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On the night of April 17, 1945, Allied planes dropped 111 bombs on the Burghers' Brewery in Pilsen, Czechoslovakia, destroying much of the birthplace of pilsner, the world's most popular beer style and the best-selling alcoholic beverage of all time. Still, workers at the brewery would rally so they could have beer to toast their American, Canadian, and British liberators the following month.
It was another twist in pilsner's remarkable story, one that started in a supernova of technological, political, and demographic shifts in the mid-1800s and that continues in the craft breweries of today. Tom Acitelli's Pilsner: How the Beer of Kings Changed the World tells that story.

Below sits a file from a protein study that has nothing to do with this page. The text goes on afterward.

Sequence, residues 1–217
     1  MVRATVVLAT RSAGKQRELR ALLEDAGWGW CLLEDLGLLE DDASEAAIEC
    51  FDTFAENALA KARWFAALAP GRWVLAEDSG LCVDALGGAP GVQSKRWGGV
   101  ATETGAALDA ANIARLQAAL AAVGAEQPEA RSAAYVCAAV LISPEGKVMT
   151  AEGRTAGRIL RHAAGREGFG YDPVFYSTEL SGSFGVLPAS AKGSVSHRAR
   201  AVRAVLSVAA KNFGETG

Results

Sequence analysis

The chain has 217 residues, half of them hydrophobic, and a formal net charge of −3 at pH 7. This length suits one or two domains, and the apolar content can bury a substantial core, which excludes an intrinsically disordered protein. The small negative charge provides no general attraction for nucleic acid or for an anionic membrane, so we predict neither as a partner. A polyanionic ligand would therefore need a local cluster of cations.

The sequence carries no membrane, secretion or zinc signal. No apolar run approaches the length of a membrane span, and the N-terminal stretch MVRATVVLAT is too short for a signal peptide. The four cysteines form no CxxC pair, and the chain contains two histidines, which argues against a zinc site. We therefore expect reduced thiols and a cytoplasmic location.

Pilsner shatters myths about pilsner's very birth and about its immediate parentage. Acitelli, author of the craft beer history The Audacity of Hops and the James Beard finalist American Wine, also pops the top on new insights into the pilsner style and into beer in general through a character-driven narrative that shows how pilsner influenced everything from modern-day advertising and marketing to today's craft beer movement.